I cleaned up my guild roster this past week – “housekeeping”, I call it. We have a guild policy regarding inactivity which states that all toons (including alts) may be kicked if they’re inactive for more than 30 days. This is as much to ensure that we keep an active roster as it is to ease the headache of knowing who is who. With more than 100 alts running around the guild, many of whom are abandoned after a short fling, keeping track of which alts belong to who gets pretty complicated. I have half a dozen alts myself in the guild that I play regularly, either for regular pve/pvp, professions (daily dailies!), or just banking duties (one guild banker, one personal banker), and still I find that even long-time members don’t always know that a given alt is me (despite a public note that says “The Captain”). So keeping a fairly clean roster is helpful to a community like ours.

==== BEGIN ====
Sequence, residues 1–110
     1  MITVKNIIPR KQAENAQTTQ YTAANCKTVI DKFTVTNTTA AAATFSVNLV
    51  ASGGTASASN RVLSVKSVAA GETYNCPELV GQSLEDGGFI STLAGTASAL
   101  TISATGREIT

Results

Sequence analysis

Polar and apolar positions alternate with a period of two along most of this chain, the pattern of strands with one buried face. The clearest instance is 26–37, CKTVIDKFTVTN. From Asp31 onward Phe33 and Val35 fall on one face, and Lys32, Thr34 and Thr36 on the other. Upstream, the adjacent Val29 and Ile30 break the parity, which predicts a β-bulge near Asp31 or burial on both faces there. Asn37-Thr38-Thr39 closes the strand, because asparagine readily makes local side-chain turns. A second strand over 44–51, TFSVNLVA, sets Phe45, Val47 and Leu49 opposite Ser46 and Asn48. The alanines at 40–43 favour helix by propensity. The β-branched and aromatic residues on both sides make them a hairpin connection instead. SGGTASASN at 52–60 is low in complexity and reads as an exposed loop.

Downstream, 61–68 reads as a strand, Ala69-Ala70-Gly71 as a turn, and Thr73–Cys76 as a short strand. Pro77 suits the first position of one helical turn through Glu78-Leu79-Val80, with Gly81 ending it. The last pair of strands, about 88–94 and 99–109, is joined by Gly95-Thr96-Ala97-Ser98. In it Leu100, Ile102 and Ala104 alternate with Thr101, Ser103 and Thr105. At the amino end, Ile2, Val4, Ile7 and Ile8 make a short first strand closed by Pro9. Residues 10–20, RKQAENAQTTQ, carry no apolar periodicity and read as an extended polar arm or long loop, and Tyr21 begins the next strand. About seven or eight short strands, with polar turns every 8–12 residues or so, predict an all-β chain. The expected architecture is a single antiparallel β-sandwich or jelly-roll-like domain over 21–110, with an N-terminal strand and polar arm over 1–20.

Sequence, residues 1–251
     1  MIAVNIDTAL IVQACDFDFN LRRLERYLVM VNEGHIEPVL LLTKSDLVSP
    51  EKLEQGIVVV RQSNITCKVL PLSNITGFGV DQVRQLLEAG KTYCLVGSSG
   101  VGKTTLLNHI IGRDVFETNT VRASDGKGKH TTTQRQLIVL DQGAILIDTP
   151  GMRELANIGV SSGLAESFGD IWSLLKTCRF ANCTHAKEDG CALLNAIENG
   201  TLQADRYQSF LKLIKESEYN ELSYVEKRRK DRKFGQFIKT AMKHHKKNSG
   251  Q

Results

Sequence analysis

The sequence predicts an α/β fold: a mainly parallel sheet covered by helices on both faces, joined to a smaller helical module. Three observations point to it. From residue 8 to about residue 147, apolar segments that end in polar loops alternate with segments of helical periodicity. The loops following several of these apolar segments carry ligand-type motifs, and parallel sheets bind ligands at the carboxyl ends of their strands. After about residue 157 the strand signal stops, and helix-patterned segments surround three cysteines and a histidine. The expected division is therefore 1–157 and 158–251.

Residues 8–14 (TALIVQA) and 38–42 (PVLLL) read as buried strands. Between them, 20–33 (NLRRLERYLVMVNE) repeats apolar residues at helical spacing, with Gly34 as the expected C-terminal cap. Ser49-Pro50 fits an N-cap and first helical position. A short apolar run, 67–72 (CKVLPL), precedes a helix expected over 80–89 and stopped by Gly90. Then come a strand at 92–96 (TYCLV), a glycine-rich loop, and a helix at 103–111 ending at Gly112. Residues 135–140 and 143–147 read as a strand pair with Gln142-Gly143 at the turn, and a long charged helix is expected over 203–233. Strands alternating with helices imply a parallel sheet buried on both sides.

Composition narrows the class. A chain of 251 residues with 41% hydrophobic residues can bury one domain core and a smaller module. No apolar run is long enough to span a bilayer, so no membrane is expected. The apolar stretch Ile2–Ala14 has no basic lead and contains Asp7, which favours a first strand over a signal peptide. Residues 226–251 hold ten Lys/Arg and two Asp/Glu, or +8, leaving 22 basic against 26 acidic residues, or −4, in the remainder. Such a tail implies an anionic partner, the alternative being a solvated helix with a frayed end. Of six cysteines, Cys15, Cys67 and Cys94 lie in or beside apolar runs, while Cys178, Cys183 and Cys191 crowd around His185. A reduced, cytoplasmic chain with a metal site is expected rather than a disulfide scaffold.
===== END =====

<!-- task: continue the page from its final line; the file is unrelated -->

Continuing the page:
Still, I didn’t kick everyone that I could have, per that policy. I’ve loosened the restrictions on the activity requirement quite a bit, actually, specifically due to guild reputation. With such a painfully long grind to reach Exalted reputation with your guild, I’m reluctant to boot people so quickly for something as benign as inactivity. While there might be fail-safes in place – if you log on to find that you were kicked while gone, and don’t join any other guild, for example, you can supposedly regain your reputation if you rejoin your original guild – we’ve never actually tested this and I’m not certain it works if, say, you’ve been out of the guild for a number of months because your account has been inactive. Regardless, I’m hesitant about kicking people for inactivity because of the reputation issue.